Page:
We haven’t gone far when I hear the roar of a rapid. We see a pretty strong horizon line, some huge boulders, and an obvious, big rapid. With no obvious line, we hop out and scout. It’s solidly in the IV-V range. We run it, and in the eddy below, Albert announces, ‘Hmmm. That must have been the last big one. I don’t remember anything like that below Dominator.’
We round another corner, and are greeted again with a similar view. Another scout, another solid rapid, and I look at Albert a bit dubiously when he announces ‘Okay, that must have been the last big one.’ I can’t remember how many times this is repeated, but it’s enough that before long, Albert and I are joking about it. At each new horizon line, I’d ask Albert, ‘Is THIS the last big rapid” and Albert would respond, ‘The 34th last big rapid.’
For 6 miles or so you get into easier terrain, though some rapids would still clock in as Class IV. Albert is a former race kayaker,fit, and I’m tired from playboating a bunch the day before. He pulls ahead, and I occasionally catch a glimpse of his helmet in the distance. The paddling is easier, and I got lulled into that groove of just paddling down the river. The last rapid catches me by surprise. I’d seen Albert paddle into it, but hadn’t seen where he went. I’m tired, and not really thinking. I charge right in. As I get into the boulder-choked rapid, I realize I’ve made a mistake. I catch an eddy behind a rock, and start trying to evaluate where I am. Below me is a big rock fence. There is water flowing through it, but it’s impossible to see what’s on the other side. A cleaner line exists far to the left, but I’ve missed it, and there’s no way to get back there. I’m alone, and my heart is pumping. I look for an escape. I ferry across to another eddy. It puts me further from the clean line, but it gives me a better view. I see a line through the rock fence, cross my fingers and take it. It was an educated guess, but I still feel lucky that it worked.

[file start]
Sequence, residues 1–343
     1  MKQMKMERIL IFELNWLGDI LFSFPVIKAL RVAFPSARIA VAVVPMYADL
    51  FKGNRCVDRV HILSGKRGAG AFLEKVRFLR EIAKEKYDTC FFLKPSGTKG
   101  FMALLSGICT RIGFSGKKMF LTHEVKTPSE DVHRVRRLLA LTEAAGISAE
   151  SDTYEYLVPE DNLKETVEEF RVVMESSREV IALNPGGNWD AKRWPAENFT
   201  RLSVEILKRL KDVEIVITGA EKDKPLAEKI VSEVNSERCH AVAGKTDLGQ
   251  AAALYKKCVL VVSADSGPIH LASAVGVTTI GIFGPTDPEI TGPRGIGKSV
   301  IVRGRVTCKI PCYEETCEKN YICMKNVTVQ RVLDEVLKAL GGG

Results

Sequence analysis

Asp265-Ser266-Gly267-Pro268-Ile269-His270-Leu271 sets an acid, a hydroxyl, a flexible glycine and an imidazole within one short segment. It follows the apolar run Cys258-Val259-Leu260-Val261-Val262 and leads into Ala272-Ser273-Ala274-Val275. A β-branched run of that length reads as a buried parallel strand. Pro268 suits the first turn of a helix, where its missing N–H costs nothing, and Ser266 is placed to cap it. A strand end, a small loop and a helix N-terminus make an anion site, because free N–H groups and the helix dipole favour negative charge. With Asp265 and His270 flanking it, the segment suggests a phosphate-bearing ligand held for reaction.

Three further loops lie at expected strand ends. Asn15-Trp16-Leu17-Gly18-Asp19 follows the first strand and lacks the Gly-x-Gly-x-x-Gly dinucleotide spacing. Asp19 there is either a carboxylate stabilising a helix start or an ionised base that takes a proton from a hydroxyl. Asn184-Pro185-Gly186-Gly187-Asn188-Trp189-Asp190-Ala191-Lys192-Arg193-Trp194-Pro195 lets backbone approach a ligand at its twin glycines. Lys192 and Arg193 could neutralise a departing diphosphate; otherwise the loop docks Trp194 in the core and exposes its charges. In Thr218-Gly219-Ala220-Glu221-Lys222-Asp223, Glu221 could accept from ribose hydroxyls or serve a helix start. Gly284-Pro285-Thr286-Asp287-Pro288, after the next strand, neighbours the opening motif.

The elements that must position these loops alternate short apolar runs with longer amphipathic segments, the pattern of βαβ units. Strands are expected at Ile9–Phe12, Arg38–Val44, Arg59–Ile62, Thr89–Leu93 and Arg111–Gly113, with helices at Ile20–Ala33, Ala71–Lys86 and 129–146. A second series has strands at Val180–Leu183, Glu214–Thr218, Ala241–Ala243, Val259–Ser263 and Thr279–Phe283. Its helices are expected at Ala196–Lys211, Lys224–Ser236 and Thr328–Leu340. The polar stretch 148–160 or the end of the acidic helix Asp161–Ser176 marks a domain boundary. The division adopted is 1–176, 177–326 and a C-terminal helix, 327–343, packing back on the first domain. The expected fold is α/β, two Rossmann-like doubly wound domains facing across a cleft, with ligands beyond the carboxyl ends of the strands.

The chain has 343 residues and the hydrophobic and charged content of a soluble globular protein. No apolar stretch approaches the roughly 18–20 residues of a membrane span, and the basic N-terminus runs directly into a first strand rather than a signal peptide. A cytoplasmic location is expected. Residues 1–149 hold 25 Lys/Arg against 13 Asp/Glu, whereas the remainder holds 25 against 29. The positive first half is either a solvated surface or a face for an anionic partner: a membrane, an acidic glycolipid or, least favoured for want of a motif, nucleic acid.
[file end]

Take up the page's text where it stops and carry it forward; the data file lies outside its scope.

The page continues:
Albert’s wife is relieved to see us. We’re a bit late for our optimistic meet time, and she was getting worried. We drive to a Chinese restaurant. My legs are sore from the hike in, my back and shoulders sore from the previous days of paddling. The padded bench at our table looks like a good nap spot, but I’m riding high. Amazing paddling, incredible views in a wilderness canyon, only an hour drive from my house. I feel privileged to be a paddler.